Monday, November 2, 2009

Flu Season

The CDC is stressing the importance of both the seasonal and the H1N1 flu vaccines for all prgnant women. It doesn't matter if it is the first, second or third trimester. You may view updates to the CDC recommendations on their website Pregancy puts a pregnant woman at a four-fold increased risk for morbidity ( sickness ) and mortality ( death )from the flu.

The recommendation also includes prompt treatment for the flu, if there are symptoms, and it isn't necessary to be tested for treatment to commence. It is essential for pregnant women to be vaccinated and there is no stipulation about presevative- free flu vaccines.Either is being recommended. Take whatever you can find. It is important for pregnant women to call their providers at the first signs of fever and flu-like symptoms. Treatment is with Tamiflu. It is much more risky to be infected than to be vaccinated. The benefits far outweigh the risks.

There is a shortage of vaccine and pregnant women are on the priority list. Unfortunately, women are finding the vaccines hard to come-by and they must be very pro-active about searching out sources for themselves. Doctor's offices and clinics are receiving limited dosages and they are going fast.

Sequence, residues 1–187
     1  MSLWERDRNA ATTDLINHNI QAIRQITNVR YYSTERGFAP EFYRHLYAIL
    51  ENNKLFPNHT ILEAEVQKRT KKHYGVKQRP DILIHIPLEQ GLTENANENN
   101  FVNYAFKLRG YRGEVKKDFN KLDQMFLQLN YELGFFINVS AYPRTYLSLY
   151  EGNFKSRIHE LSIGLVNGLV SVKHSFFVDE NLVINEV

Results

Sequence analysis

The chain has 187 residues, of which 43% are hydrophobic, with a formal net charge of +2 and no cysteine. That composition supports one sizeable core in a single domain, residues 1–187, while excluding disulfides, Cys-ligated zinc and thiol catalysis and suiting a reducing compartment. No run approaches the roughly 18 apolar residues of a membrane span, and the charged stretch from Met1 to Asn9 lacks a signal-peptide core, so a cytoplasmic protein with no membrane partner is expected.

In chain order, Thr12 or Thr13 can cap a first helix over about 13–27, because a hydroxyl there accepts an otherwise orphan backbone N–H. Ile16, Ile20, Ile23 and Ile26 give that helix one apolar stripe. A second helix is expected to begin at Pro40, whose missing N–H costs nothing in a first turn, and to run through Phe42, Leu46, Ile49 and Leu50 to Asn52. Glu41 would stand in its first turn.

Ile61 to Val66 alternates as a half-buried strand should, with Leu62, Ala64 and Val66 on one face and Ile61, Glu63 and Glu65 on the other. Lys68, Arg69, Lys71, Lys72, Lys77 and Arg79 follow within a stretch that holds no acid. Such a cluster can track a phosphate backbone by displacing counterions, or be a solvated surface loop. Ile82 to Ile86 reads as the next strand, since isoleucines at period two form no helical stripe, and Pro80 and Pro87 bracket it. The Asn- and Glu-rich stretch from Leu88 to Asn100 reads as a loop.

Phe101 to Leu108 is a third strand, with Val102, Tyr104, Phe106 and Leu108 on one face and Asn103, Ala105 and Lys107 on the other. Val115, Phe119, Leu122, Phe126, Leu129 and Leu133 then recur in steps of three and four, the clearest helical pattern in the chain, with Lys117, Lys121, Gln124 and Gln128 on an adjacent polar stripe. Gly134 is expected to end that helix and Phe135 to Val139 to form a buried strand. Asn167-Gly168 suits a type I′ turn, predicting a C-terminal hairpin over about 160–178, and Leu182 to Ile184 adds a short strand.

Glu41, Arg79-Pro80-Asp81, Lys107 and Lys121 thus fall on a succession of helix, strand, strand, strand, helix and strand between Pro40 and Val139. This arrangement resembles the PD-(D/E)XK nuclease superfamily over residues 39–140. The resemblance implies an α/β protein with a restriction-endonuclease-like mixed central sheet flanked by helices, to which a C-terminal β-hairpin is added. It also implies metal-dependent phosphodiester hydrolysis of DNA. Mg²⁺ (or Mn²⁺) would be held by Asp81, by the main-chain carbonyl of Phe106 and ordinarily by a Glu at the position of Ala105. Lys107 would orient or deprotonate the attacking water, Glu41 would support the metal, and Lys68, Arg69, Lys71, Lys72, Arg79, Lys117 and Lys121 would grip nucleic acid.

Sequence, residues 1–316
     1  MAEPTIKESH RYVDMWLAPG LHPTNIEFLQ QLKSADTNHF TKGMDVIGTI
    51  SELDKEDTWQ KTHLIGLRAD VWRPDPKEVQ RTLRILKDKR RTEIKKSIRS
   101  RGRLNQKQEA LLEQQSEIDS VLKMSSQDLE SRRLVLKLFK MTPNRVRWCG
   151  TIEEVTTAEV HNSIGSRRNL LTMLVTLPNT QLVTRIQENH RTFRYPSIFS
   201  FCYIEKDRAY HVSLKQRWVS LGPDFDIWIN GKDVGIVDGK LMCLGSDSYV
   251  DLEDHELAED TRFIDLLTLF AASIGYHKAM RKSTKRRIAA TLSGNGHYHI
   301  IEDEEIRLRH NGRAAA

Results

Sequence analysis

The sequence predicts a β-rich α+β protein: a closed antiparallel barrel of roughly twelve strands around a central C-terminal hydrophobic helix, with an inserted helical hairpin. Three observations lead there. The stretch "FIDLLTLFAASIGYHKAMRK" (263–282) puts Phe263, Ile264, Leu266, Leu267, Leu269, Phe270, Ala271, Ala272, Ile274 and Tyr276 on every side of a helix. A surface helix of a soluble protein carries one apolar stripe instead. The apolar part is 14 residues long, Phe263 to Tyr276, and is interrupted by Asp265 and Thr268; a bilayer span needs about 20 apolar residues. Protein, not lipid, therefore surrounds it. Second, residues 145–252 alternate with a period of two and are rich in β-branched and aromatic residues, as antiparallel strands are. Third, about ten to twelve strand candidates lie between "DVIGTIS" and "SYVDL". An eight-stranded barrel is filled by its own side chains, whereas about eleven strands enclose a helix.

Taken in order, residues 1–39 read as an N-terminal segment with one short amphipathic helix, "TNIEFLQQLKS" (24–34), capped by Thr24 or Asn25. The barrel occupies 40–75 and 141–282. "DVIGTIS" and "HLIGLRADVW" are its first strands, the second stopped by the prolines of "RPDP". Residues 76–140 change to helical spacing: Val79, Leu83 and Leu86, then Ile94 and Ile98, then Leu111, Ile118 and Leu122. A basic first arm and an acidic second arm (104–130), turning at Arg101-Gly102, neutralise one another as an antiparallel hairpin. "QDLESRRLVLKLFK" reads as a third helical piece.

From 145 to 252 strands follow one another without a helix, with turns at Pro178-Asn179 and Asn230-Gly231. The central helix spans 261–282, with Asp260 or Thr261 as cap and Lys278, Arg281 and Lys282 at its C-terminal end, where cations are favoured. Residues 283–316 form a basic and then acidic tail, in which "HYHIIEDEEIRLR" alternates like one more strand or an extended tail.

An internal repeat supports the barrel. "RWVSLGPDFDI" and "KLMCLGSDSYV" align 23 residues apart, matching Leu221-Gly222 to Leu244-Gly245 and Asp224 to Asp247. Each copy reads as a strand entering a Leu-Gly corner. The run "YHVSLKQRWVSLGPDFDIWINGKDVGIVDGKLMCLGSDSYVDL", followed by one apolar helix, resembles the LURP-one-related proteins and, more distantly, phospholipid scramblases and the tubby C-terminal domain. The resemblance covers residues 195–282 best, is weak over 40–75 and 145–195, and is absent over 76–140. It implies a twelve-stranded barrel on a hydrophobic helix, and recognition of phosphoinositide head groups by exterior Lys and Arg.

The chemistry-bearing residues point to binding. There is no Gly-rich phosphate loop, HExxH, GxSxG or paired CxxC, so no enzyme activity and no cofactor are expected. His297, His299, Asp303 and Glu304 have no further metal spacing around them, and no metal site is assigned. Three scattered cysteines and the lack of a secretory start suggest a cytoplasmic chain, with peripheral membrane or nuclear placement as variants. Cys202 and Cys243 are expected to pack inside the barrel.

Please protect yourself and your unborn baby and get the vaccines as soon as they are available to you. Pharmacies and pediatricians, health departments and walk-in clinics are sometimes receiving more than obstetrician's offices. I was at the Atlanta/Hartsfield Airport and Reagan International in Washington D. C. over the weekend and they had kiosks for administration of vaccines. Be proactive. Get innoculated. The sooner the better.

And remember the basic precautions: good handwashing, use sanitation stations, stay away from crowded and potentially infected areas and people. Cough into your elbow, not your hands and teach that to everyone around you. My granddaughter's daycare center is masking kids who don't use their sleeves to cough into and that teaches them very quickly to use their sleeve.

Be well and hope for an early spring.